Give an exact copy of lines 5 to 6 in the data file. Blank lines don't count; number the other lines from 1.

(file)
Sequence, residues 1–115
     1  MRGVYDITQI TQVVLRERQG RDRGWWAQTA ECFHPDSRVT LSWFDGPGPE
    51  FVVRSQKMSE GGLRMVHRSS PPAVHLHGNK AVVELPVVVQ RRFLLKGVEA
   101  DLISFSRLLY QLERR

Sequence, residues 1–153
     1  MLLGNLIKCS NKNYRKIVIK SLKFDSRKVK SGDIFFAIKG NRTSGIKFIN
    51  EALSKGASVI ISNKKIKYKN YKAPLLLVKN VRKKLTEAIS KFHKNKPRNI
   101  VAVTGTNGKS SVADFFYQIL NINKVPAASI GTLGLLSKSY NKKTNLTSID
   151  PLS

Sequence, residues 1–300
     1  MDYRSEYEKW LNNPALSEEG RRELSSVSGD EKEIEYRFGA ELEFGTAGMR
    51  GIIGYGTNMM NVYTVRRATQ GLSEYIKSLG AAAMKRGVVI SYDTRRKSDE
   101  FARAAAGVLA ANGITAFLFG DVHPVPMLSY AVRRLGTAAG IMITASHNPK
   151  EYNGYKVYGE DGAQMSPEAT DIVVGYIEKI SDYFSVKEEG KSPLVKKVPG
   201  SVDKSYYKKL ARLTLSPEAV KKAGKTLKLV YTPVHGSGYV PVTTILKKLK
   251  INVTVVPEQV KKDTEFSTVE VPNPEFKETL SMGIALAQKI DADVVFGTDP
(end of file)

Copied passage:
Sequence, residues 1–153
     1  MLLGNLIKCS NKNYRKIVIK SLKFDSRKVK SGDIFFAIKG NRTSGIKFIN